Let Me Eat Cake

*More productive this week, that's for sure.


Sloth (a golden oldie from the pages of The Comics Journal, covering the 2006 Gilbert Hernandez graphic novel from Vertigo)

Sergio Aragonés' Groo: 25th Anniversary Special

Maggots (the new old Brian Chippendale book, out next month)


Column #9 (covering two Vertigo looks at a broad subject matter, Kill Your Boyfriend and Girl)

Miriam #1 (new Rich Tommaso series starting up)

At The Savage Critics!

*Special note to my readers in Pennsylvania, New York, New Jersey, Maryland and Virginia - Wegmans' Ultimate Carrot Cake lives up to the hype. That is all.

*And in random news that actually deals with comics - Doom Patrol Vol. 6: Planet Love. January 2008. Judging from the solicitation, Doom Force is a yes, and Flex Mentallo is a no. Still, at least they're finishing the core run. It seems like it's been a while since Vol. 5, and it'll have been a longer while by January.

*But to take a glimpse at a closer future -


The Comics Journal #285: Cover artist and feature interview for this one is Darwyn Cooke; a big ol' excerpt of his chat with Markisan Naso can be found here. Also important: talks with Ernie Colón and Keith Knight, a trio of John Buscema pre-Code horror/crime shorts, and the always-worthwhile Bill Randall on the manga of Kazu Yuzuki. Less important: me babbling about anthologies and Ignatz books.


With the Light: Raising an Autistic Child Vol. 1: Now here's just the sort of ongoing manga serial we rarely see in the English language - a drama aimed at married women, about everyday life with an autistic son. It picked up one of the runner-up Excellence Prizes at the 2004 Japan Media Arts Festival (the Grand Prize that year went to Town of Evening Calm, Country of Cherry Blossoms), and the work's official festival page has some nice English-language information on writer/artist Keiko Tobe. From Yen Press, priced at a very nice $14.99 for 528 pages.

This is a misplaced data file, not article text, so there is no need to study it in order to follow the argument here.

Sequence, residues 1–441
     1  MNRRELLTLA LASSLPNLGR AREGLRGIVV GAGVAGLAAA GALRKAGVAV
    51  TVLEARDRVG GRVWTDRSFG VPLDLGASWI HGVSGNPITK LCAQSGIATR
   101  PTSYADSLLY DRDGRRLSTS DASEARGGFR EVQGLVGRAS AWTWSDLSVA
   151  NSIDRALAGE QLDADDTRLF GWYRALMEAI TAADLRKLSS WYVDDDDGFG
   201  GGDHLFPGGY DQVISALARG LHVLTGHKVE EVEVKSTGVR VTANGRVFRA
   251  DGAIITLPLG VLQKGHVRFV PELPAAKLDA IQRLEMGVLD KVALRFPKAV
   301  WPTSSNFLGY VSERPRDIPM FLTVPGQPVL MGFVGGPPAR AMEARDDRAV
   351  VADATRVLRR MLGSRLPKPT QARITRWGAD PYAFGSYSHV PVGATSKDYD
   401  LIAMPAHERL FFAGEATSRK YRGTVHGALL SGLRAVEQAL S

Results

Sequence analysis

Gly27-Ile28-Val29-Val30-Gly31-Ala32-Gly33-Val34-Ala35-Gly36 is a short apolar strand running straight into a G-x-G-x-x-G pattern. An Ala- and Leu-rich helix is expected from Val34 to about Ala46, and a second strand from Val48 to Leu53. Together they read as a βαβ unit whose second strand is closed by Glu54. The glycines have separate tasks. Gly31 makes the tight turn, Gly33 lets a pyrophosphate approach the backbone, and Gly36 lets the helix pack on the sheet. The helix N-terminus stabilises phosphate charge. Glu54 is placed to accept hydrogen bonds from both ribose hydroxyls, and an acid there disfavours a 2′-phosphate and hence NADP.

Phoenix Vol. 11 (of 12): Sun Part 2 (of 2): And so, after many years, Osamu Tezuka's unfinished lifelong work draws to a close of sorts. This storyline ends (it ran from 1986-88), just as all the Phoenix stories have an ending, but the grand weave of time remains forever elusive from the master's comprehensive ambition, just as the Phoenix itself had a way of slipping past its many pursuers. Tezuka died in '89 (at only 60!), so this is also one of his final works period. The faithful will want to plunk down their $16.99 for these last 408 pages, but it will be a bittersweet plunk indeed. Note that there's still another volume due out in March 2008 - it's more-or-less an appendix to the main saga, featuring Tezuka's early attempt to redo one of the stories as a shōjo manga. Also be on the lookout for next month's R1 dvd debut of the 2004 Phoenix anime television series, which adapted several of the manga's stories over the course of 13 episodes.

Andromeda Stories Vol. 1 (of 3): And completing this week's trilogy of noteworthy manga releases, here's Vertical's new Keiko Takemiya project, now that To Terra... has wrapped. It's a 1980-82 tale which "examines themes of man versus machine, and the inescapable grip of destiny," as the promotional copy goes. Cosmic preview here, if you scroll down. Fans of the